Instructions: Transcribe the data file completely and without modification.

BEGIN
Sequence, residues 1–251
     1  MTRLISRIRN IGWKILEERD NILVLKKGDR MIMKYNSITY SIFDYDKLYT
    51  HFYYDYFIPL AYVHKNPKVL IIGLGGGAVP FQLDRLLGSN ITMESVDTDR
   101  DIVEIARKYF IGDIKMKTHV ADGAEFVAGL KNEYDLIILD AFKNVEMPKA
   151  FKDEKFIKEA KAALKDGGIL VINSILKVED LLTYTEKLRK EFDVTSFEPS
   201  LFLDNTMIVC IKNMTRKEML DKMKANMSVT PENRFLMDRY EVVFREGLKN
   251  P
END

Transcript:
Sequence, residues 1–251
     1  MTRLISRIRN IGWKILEERD NILVLKKGDR MIMKYNSITY SIFDYDKLYT
    51  HFYYDYFIPL AYVHKNPKVL IIGLGGGAVP FQLDRLLGSN ITMESVDTDR
   101  DIVEIARKYF IGDIKMKTHV ADGAEFVAGL KNEYDLIILD AFKNVEMPKA
   151  FKDEKFIKEA KAALKDGGIL VINSILKVED LLTYTEKLRK EFDVTSFEPS
   201  LFLDNTMIVC IKNMTRKEML DKMKANMSVT PENRFLMDRY EVVFREGLKN
   251  P